What gun is best for a girl?


New member
Seems to me the best gun for anyone is one that the person can shoot
accurately, can train hard with, and will carry reliably.

That said, it should fit your hand,
feel good in your hand,
and the caliber should be one that you can handle practicing
with (think about 50-100 rounds per training session with the recoil),
and it shouldn't be so big and heavy that you aren't comfortable
wearing it all the time.

It might take more than one gun purchase to find that perfect gun, but
do take everyone's advice and go to a range that lets you rent lots of
guns. Try as many as can before shelling out the bucks. But then don't
be surprised if after a year, you decide you need a different gun.
That's just the way it goes. (Yea, I'm talking from experience.)


New member
Hi I am new to the boards and have been lurking for a few months. You have got some very very good advice here already but still wanted to offer my experience.

I recommend renting a gun and taking a class. Some ranges offer classes and rent guns.

Also as a woman my issues with guns are:

Trigger - Some are really rough and heavy to pull. My Taurus has a heavy trigger. Takes alot to pull.
Recoil- Learned in class that position is a big part here.
Racking the slide- My Ruger SR40c is a sweet gun, but the slide is tough for me, and I can rack the slides to all of my DH's pistols rather easily.
Fit- I don't have the smallest hands for a woman but a lot of guns I really wanted just didn't fit my hand well.

I don't live in a carry state so I can't offer any info there. Best of luck to you and most of all have fun choosing one thats right for you and don't be intimidated!


New member
thank you everyone for the great advice, didn't expect so many people to answer so quickly.... but i just found out my cousin owns a gun shop and told me i can try out as many as i want, ill let ya'll know what i end up with.


New member
Does your county

Does you county offer a gun course? My county offers a gun course every Fall, we can bring our own & shoot some of their's! Excellent instructors and I feel more confident when I carry. I carry Sig. P238 most of the time, and when I go to range always go for the chest. Get a good self defense round, and practice often. Personally, I do not care for Glock, they jam with me, but it could be me...but they jam with hubby as well. Know your gun laws and know what to do if stopped while carrying.


New member
God Love ya for wanting to express your Constitutional right to carrry. You have certainly recieved a lot of good information here but all of it is for naught.

There was no information given by you in the OP (original post) for anyone to base thier answer on or to give accurate suggestions from.

What weapon platform you decide on will be based on several factors, the first of which would be your stature. Are you 4'5'' and 95 pounds or are you 5'10" and 150 pounds? Without the specifics there is no way you can get a good answer other that what has been expressed, "go to your local range and try some on."

Welcome to the blog and good luck with your selection. After it's all over just remember, practice, practice, practice!


New member
Think about this as you try out the many weapons you have to choose from. Try each one in a concealed carry practice posture. ie: from inside waistband, outside waistband, purse carry and vest). This may help you decide which one will be right for you. Also consider doing a night time practice as this may be more inline when you are placed in a threat situation where all your practice will keep you with the right mind set.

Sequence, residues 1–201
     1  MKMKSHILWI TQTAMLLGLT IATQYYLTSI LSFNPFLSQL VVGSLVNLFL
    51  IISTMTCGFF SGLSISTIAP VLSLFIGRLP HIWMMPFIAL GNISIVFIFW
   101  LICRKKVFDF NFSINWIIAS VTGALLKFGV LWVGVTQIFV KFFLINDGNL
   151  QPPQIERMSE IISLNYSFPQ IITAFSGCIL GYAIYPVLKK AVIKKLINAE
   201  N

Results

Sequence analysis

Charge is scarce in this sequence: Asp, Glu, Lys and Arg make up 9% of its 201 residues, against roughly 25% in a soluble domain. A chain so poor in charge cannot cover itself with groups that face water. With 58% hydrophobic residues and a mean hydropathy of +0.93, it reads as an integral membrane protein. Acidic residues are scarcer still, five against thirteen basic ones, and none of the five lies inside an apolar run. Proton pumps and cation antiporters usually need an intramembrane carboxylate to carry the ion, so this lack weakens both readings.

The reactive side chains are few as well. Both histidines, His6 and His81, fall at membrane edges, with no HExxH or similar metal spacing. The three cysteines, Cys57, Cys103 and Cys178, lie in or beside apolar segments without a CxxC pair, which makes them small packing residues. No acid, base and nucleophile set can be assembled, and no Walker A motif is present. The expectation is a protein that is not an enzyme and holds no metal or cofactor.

New member
The smith and wesson bodyguard is fun. small and easy to conceal.
I agree with the post about the XD. I loved mine, but the slide was sometimes a little hard to handle.

Annalaura Rees

New member
My personal suggestion would be the Ruger LC9, but that's just what works best for me, almost anything could work best for you.

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New member
I agree about the LC9. My husband originally bought it as a pocket gun for himself, but after I shot it at the range a few times and carried it around the house awhile, he suggested I keep it. I didn't say no.
My personal suggestion would be the Ruger LC9, but that's just what works best for me, almost anything could work best for you.

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New member
What gun is best for a girl? The best answer I can give applies to all genders. Get a gun and caliber you can control and shoot accuratly and also one that you aren't affraid to shoot.:pleasantry:


New member
The best gun for a girl? The one her boyfriend/husband is carrying!

The best gun for a WOMAN however would be the biggest caliber they can handle and conceal, just like men shooters


New member
You're about to get a barrage of suggestions. Mine? Borrow every model you can find, try them all, choose one that's relatively compact and feels good to shoot.

This is by far the best advice. Find one you are comfortable with. I would also suggest buying a 22 to get started the ammo is cheap and you can practice with little expense.

Guy Masterson

New member
For a woman looking for a first gun:

Step one: Decide to succeed in building the gun into your life. Many people never get the gun they buy into actual defensive service due to a variety of obstacles. You can succeed and it is very doable!